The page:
The NHA property on which is located the Washington Village CT Page 1343 Housing Complex is situated to the north and east of the land parcel known as 50 Day Street owned by the eponymously named plaintiff. For many years three underground heating oil storage tanks serving Washington Village were located approximately 100 feet north of the plaintiff’s property. It was undisputed that at least one of the tanks leaked petroleum product into the surrounding ground before all the tanks were removed in 2003.

In its decision this court found that the migration of underground oil contaminants is generally controlled by the groundwater flow and the court found that 50 Day Street did not prove by a preponderance of the evidence that the groundwater flow was southward from the leaking tank on NHA property toward the 50 Day Street property. The groundwater elevation measurements taken in August and September 2004 showed the groundwater running northward, away from plaintiff’s property. The court also found that 50 Day Street had not proven this groundwater flow to be an anomalous or temporary condition. This last stated finding was directly contrary to the contention of 50 Day Street that the groundwater flow had been temporarily affected by the groundwater pumping activities undertaken in the spring of 2004 to remediate the pollution near the NHA underground tank sites. This contention was based on an opinion presented by Mr. Cluen, the plaintiff’s expert, that this pumping activity had reduced the groundwater elevation at and near the pumping area creating what he testified was an artificial cone of depression near the tank sites and changing the groundwater flow in that area from what was historically a southerly direction to a northerly flow.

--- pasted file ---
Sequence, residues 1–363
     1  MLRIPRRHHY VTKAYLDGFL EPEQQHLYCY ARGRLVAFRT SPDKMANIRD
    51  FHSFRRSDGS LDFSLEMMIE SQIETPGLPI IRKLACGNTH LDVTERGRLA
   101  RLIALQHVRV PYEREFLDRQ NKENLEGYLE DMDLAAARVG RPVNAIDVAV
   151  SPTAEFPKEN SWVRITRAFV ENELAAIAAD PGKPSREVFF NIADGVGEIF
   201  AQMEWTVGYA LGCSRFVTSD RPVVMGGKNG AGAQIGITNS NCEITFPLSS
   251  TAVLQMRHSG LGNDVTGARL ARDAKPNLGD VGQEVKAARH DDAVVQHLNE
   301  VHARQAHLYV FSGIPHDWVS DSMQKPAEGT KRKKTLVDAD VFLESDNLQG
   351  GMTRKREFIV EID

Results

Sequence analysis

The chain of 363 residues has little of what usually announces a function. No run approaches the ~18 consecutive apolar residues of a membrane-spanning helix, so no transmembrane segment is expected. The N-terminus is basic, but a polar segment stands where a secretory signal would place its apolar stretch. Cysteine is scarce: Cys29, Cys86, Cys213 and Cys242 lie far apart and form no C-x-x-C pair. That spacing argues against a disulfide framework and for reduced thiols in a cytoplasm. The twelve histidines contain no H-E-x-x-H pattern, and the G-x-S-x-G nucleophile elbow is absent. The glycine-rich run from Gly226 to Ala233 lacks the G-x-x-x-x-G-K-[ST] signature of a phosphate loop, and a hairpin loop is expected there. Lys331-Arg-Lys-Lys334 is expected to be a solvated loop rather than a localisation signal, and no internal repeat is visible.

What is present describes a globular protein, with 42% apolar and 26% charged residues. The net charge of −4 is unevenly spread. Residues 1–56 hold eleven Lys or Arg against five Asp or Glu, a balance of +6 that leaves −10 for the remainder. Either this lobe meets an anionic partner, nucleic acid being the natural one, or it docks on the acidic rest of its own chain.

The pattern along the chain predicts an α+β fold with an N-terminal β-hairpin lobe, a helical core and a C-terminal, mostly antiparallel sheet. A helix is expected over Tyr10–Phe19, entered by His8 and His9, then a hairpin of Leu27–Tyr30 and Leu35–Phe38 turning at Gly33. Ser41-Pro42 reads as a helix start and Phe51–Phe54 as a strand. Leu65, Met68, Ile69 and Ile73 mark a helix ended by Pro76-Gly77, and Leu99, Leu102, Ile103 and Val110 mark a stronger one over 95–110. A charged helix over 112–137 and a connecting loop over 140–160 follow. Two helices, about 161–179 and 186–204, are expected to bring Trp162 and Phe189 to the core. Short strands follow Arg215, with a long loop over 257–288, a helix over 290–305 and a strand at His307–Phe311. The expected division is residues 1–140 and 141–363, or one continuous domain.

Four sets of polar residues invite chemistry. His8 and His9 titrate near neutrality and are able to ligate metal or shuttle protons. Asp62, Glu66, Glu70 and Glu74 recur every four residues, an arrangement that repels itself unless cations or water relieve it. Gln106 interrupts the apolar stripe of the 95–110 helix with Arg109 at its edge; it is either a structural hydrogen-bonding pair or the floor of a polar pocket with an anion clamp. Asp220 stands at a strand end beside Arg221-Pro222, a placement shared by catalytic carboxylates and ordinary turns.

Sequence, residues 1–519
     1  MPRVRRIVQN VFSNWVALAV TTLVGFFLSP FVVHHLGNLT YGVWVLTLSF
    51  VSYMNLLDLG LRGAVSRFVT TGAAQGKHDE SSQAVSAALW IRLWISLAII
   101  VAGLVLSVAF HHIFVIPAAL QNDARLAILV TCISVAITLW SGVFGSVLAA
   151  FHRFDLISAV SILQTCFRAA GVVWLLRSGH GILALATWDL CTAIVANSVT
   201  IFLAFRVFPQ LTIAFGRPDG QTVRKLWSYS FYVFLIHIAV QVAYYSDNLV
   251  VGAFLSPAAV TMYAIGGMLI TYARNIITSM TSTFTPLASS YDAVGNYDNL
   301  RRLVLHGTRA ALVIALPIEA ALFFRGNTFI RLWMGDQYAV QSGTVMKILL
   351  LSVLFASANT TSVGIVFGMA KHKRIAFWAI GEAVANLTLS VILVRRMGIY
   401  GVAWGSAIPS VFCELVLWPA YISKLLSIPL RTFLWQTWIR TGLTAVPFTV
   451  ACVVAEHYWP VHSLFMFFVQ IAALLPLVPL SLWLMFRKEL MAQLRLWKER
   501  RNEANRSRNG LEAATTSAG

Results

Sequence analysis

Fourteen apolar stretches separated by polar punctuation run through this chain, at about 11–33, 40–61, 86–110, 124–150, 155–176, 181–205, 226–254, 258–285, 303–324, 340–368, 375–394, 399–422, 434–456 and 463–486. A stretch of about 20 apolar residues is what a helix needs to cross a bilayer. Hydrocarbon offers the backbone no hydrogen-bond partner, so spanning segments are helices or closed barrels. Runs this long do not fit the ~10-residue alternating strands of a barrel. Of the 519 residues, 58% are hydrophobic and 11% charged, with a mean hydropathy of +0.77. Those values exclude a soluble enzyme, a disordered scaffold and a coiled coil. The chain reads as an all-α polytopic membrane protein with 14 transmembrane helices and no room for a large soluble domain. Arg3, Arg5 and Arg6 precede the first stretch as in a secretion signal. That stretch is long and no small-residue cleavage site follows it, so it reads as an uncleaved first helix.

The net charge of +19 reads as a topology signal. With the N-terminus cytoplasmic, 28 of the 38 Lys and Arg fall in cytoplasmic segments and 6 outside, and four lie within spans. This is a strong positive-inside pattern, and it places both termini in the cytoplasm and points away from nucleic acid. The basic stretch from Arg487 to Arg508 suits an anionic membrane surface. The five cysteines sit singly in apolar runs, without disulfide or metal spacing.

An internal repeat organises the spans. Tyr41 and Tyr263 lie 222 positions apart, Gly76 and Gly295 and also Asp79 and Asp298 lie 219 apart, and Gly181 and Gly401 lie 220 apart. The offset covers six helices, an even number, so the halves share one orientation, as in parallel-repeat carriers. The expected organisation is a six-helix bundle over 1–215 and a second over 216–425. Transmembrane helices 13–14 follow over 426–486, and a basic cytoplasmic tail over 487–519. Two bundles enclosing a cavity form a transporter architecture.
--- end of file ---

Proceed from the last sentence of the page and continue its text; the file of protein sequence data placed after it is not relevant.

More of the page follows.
IV. Discussion A. Dr. Binkhorst’s Testimony.
One segment of the plaintiff’s argument is that it was unfairly prejudiced by the court’s denial of a motion in limine objecting to admission of Dr. Binkhorst’s testimony. Therefore, the plaintiff contends that the only way to rectify the error in letting in Dr. Binkhorst’s evidence is to allow the new evidence proffered by Mr. Cluen.